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Lanksēde Devil's Foot Stone (Lanksēdes Velna pēdas akmens)

Other references to the location
It is situated in the Imula River closer to the right bank of the Imula River, in straight line about 200 – 300 m upwards the Imula Bridge.
lat=57.0102116667, lon=22.6174444444
57° 0' 36" N, 22° 37' 2" E

On the surface of the Lanksēde Devil's Foot (1.6 x 1.4 x 0.8 m), one can notice a cavity resembling a human foot (0.28 x 0.15 x 0.01 m). The stone, the foot and

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some other places of the surroundings are related to tales about the Devil. The location of the Lanksēde Devil's Foot Stone in the middle of the river is not typical for foot stones, to which this stone is attributed. As the Imula River's banks are high at this place, the vale is narrow and the river often changes its bed, it is possible that the stone with the foot mark used to be on the bank of the river, but in the course of time it fell into the Imula river. Right there not far from the Lanksēde Mill's neighbour homestead of Arāji, a burial ground was established, but a few kilometres further the Ķempji Piltiņkalns Hill is located.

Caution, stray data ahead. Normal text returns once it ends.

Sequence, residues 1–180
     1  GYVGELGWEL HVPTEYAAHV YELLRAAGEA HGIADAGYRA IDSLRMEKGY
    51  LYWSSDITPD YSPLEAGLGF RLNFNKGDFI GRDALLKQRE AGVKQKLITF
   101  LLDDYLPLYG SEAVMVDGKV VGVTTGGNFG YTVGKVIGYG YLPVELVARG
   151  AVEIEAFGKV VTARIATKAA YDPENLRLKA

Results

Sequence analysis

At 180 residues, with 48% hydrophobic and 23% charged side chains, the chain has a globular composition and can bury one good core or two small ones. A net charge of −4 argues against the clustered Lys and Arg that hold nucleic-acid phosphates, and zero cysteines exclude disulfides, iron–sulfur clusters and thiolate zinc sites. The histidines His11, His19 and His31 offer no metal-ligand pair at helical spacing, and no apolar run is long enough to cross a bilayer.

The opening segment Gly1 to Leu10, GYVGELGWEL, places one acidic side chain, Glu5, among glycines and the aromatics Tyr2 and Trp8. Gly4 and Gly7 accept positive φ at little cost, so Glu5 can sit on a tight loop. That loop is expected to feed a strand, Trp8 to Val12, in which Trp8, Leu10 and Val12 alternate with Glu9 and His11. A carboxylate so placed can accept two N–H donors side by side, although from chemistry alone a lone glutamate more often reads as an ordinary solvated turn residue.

"In older times the Devil walked the earth by leaps and bounds, where he put his step, there the footprint remained. From this place the Devil climbed over the Abava, then further on to Vecsudmaļi "Devil's Foot" (located 10 km in air line) and Mežita "Devil's Foot”. The Lanksēde Mill is called the Devil's Mill, it is very old.” (From the material of the Monument Board. Anonymous author. 1920 –1930)

Access hindered, because it is located quite far from the road and the paths in the middle of the river.
Infrastructure, management, facilities
Local info
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Legal Status
The Lanksēde Devil’s Foot is marked in the general information maps of the Kandava County, but on site by the Imula River’s Bridge, from which one should start his walk to the stone, there is only a general map of the Kandava County with the marked stone, but you cannot find the stone following that map. By the Imula Bridge, there is a paid camping place arranged and a parking lot. Along the Imula, there are several quadracycle paths driven in, but their goal was not the Devil’s Foot Stone. To the stone along the overgrowth of the Imula River, there is no path. Nearby is the vale’s steep slope, along the edge of which a well-trodden path leads, but it is far from the Imula and the Devil’s Stone; at its edge there are no signs about the stone. At the time of the visit, after the long lasting heavy showers, the waters of the Imula River were very high and the stream was almost getting over the Devil’s Foot Stone. Due to the stream, I could not reach the stone. The Lanksēde Devil’s Foot is an archaeological monument of local importance No. 2312.

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